Where's the Justice? Critical Approaches to Environmental Justice Research III: Spaces of Oppression & Resistance

Type: Paper
Sponsor Groups: Black Geographies Specialty Group, Geographic Perspectives on Women Specialty Group, Cultural and Political Ecology Specialty Group
Poster #:
Day: 4/11/2018
Start / End Time: 5:20 PM / 7:00 PM (Eastern Standard Time)
Room: Rampart, Sheraton, 5th Floor
Organizers: Dean Hardy, Ellen Kohl
Chairs: Dean Hardy


In the 30 years since the United Church of Christ’s Commission for Racial Justice published their transformative report, “Toxic Wastes and Race in the United States” (UCC 1987), scholars have pushed for more engagement with critical theory, in particular critical race and feminist theories (Heiman 1996; Pulido 2000; 2015; 2017a; 2017b; Stein 2004; Pellow 2005; 2016; Holifield et al. 2009; Brahinsky et al. 2014). Despite the successes of the Environmental Justice movement at raising awareness of—and at times mitigating—disproportionate exposure to environmental toxins across gender, race, and class in the United States and beyond, it has not yet succeeded at meaningful transformative change within the social and cultural institutions that perpetuate such disparities (Pellow 2016). With the election of the US’s “first white president” (Coates 2017), the importance of a Critical Environmental Justice approach becomes more urgent to challenge the practices of a racial state and the motivations of white supremacy. As a discipline intimately entangled with defining and practicing Critical Environmental Justice to affect transformative social change, there is still much to be gained from critical engagement with gender, human/non-human relations, and overcoming the still “impoverished nature of geographer’s study of race” (Pulido 2017:1). In this session, we hope to move this conversation forward with papers that explore, conceptualize, and theorize Critical Environmental Justice Studies.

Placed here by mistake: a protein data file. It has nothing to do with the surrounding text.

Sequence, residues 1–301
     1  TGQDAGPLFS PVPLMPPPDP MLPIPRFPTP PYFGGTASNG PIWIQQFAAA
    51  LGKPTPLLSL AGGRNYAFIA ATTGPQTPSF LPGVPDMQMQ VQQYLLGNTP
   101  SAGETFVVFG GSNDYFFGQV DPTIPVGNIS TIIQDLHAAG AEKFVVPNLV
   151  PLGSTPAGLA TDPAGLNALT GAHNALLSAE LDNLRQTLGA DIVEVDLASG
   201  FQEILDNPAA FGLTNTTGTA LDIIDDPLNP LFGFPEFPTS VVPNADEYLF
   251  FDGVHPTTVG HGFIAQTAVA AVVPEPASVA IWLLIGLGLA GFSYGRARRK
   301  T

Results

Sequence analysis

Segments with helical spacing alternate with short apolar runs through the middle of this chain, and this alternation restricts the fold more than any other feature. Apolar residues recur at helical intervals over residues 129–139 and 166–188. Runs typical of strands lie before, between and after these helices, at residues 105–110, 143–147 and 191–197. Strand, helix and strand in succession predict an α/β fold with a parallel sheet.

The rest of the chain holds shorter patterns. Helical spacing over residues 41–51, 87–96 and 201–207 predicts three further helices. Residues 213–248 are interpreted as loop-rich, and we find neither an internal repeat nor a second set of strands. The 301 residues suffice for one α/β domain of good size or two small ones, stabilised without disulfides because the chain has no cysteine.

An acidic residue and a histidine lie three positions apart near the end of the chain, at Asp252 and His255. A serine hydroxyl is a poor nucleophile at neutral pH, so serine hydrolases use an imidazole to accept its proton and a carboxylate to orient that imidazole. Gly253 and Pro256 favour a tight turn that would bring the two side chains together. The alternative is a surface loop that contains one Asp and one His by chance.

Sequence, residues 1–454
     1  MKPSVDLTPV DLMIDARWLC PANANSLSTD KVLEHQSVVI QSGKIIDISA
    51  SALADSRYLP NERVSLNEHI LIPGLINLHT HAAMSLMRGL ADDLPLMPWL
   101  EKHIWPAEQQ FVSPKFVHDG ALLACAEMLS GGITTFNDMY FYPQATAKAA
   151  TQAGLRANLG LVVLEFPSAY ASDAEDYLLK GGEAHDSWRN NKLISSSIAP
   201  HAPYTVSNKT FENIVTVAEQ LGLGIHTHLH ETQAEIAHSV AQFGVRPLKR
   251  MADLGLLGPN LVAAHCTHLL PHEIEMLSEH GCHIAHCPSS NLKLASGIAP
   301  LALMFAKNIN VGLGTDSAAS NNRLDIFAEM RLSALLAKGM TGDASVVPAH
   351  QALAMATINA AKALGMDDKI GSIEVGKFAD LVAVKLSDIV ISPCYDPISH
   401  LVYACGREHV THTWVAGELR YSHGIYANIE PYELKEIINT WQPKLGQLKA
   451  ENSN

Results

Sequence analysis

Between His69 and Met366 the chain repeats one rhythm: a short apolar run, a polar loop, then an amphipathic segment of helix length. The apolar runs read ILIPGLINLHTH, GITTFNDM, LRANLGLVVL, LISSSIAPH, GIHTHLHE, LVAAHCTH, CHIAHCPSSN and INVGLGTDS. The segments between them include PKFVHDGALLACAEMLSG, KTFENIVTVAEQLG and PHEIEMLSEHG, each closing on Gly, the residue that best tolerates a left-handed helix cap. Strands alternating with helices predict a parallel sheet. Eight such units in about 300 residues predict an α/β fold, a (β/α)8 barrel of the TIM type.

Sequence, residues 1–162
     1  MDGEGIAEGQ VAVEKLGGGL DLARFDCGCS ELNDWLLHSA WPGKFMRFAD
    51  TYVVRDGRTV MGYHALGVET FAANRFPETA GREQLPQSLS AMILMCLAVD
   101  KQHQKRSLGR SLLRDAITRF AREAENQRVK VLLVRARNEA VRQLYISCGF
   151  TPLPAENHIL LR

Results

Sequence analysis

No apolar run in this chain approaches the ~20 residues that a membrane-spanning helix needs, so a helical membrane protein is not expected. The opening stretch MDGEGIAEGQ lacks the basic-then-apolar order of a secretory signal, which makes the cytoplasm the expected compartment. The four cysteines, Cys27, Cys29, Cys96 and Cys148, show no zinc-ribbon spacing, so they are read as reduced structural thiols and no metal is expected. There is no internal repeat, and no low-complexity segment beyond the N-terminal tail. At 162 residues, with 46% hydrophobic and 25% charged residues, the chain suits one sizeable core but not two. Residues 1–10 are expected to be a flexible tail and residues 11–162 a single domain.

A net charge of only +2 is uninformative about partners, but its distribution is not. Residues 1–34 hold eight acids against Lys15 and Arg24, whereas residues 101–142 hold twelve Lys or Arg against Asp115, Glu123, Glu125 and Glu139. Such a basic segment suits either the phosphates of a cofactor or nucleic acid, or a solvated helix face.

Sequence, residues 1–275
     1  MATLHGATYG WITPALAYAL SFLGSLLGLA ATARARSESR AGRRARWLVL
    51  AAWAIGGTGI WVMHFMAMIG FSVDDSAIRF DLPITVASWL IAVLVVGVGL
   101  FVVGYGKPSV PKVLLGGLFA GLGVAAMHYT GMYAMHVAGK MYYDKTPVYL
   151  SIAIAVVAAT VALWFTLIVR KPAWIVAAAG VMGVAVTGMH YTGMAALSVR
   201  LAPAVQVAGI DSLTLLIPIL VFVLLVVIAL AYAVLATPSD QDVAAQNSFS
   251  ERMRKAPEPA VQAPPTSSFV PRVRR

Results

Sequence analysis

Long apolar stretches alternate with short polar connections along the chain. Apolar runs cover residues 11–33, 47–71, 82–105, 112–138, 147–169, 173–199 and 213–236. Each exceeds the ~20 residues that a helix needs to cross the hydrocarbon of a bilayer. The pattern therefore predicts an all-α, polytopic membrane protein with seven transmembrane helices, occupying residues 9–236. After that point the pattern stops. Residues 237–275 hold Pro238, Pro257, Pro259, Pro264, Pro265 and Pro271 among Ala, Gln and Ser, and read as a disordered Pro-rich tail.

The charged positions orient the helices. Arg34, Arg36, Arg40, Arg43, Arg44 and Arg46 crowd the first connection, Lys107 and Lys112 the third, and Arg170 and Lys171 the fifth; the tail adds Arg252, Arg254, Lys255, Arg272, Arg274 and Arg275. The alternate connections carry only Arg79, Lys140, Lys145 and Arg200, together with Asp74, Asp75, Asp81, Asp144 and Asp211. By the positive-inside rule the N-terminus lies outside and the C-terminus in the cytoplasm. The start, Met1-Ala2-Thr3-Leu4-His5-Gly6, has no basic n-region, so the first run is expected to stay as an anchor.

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Type Details Minutes Start Time
Presenter Dean Hardy*, National Socio-Environmental Synthesis Center, University of Maryland, An Abolition Ecology Approach to Climate Change Adaptation: Situating Sapelo Island, Georgia Under Rising Seas 20 5:20 PM
Presenter B. Jewell Bohlinger*, Syracuse University, "It's not easy being green," the Politics of Sustainability in Prison 20 5:40 PM
Presenter Teona Williams*, , The Political Ecology of Police Brutality in the South Side of Chicago 20 6:00 PM
Presenter Ellen Kohl*, St. Mary's College of Maryland, Intersectional environmental justice: Centering Black women’s experience to contest persistent environmental injustices 20 6:20 PM
Discussant David Pellow University of California, Santa Barbara 20 6:40 PM

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